February birth flowers & what they symbolise
Find the right faux floral gift this February by exploring the latest in our series of birth flower blog posts.
While most of us are familiar with our zodiac signs or birthstones, many are not aware of the existence and significance of birth flowers. Just like zodiac signs, birth flowers carry their very own unique meanings, adding an extra notch of thoughtfulness when selecting birthday blooms. Whether you're in search of the perfect birthday bouquet or a special floral arrangement for any occasion, understanding the characteristics associated with each month's birth flower can be incredibly helpful.
Join us on a journey through the floral calendar as we explore the meanings behind each month's bloom – a perfect guide for those seeking the ideal floral gift!
What are February’s birth flowers?
Despite Valentine's Day taking centre stage in February, it might be surprising to discover that the red rose is not the designated birth month flower for this romantic month. Instead, individuals born in February are associated with the violet and primrose.
What do violets symbolise?
Violet stands out as one of the first plants to bloom in the spring. Characterised by pretty heart-shaped leaves and asymmetrical flowers, violets display a diverse range of colours. While many are violet coloured, staying true to their name, others come in shades of blue, yellow, white, and cream. A fascinating feature is the occurrence of bicolored violets, notably combining shades of blue and yellow in a single bloom.
So, what do these pretty flowers symbolise?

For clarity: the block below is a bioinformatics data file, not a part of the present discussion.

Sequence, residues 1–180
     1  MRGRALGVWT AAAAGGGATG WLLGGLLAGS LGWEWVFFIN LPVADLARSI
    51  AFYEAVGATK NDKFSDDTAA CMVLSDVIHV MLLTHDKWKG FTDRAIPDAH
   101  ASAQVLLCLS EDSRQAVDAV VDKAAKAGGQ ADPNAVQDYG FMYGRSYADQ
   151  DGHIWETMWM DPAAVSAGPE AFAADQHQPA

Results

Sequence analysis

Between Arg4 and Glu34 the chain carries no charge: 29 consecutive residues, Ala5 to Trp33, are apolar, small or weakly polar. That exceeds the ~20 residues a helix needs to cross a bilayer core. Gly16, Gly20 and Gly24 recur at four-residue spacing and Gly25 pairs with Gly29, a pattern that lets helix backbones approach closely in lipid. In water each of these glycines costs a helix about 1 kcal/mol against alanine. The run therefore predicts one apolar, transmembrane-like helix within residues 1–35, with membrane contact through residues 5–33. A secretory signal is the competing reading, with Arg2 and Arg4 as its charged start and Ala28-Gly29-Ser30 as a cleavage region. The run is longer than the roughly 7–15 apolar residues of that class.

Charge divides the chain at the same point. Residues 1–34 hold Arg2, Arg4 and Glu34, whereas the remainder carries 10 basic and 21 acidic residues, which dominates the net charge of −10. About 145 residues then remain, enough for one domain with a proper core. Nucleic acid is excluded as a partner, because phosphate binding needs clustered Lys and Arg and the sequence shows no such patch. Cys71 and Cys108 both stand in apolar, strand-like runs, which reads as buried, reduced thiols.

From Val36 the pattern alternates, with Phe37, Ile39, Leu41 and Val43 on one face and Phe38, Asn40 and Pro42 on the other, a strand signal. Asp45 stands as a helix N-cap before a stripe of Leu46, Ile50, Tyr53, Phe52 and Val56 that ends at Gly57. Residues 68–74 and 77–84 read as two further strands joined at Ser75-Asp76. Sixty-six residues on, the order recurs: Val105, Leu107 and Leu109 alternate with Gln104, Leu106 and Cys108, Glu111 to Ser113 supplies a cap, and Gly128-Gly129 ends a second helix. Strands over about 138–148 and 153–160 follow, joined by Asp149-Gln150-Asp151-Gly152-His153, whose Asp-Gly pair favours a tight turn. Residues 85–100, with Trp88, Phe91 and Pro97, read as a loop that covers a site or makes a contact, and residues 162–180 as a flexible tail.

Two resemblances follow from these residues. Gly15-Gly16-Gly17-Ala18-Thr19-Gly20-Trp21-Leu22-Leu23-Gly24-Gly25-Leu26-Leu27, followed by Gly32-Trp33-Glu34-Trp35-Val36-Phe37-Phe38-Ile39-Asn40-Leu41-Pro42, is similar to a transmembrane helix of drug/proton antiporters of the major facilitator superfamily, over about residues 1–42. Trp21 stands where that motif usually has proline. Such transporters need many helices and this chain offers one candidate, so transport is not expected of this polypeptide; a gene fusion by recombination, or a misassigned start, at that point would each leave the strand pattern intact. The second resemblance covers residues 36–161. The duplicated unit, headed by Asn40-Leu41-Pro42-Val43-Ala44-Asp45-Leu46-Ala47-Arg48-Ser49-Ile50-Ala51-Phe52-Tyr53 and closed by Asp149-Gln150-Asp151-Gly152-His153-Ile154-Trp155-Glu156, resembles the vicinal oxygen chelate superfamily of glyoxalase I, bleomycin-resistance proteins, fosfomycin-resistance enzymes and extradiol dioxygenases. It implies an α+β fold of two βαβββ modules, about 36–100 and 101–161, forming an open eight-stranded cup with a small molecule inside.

Faithfulness and loyalty: In Greek mythology, violets were associated with faithfulness and loyalty. Legend has it that Zeus transformed his mortal lover Io into a heifer to protect her from his wife Hera, and Io grazed on violets during her time on Earth.
Spring and new beginnings: As one of the early bloomers in spring, violets are also associated with the arrival of the season and the idea of new beginnings.
Symbol of female love: Violets hold importance for women in the LGBTQ+ community, where they are sometimes used as a symbol of love between women.
What do primroses symbolise?
Primroses symbolise various meanings, often associated with positive and uplifting sentiments. Here are some common symbolisms attributed to primroses:
Youth and new beginnings: Primroses are often seen as symbols of youth and the promise of new beginnings. Their vibrant colours and early spring bloom contribute to the association with the freshness and vitality of youth.
Love and affection: Similar to violets, primroses are considered symbols of love and affection. They are often exchanged as tokens of appreciation and fondness.
Hope and optimism: The early blooming nature of primroses, often heralding the arrival of spring, makes them a symbol of hope and optimism. They represent the anticipation of brighter days and the end of winter.
Blooming Artificial alternatives to February blooms
There's no reason to limit yourself exclusively to February's designated blooms. In fact, there are plenty of opportunities to integrate the symbolism and characteristics associated with each month into your thoughtful gift-giving.
An alternative to violets if you’re looking to symbolise loyalty, are purple tulips. These pretty, purple blooms are the perfect way to show your commitment. Another example of a flower that represents loyalty is the humble daisy. Whilst more commonly associated with purity, these simple, happy flowers have also been known to symbolise loyalty. To explore our range of artificial daisies click here.
If you’re looking for an alternative flower to symbolise the new begins often associated with primroses, then why not consider an orchid. Orchids, with their exquisite beauty and exotic allure, showcase a diverse range of colours, shapes, and sizes. Throughout history, they have symbolized new beginnings, growth, and rejuvenation. Check out the entire range of faux orchids here.
And there we have it – our top tips for celebrating those born in February! Wondering what your birth flower is? Discover more information in our blog post birth month flowers & artificial alternatives.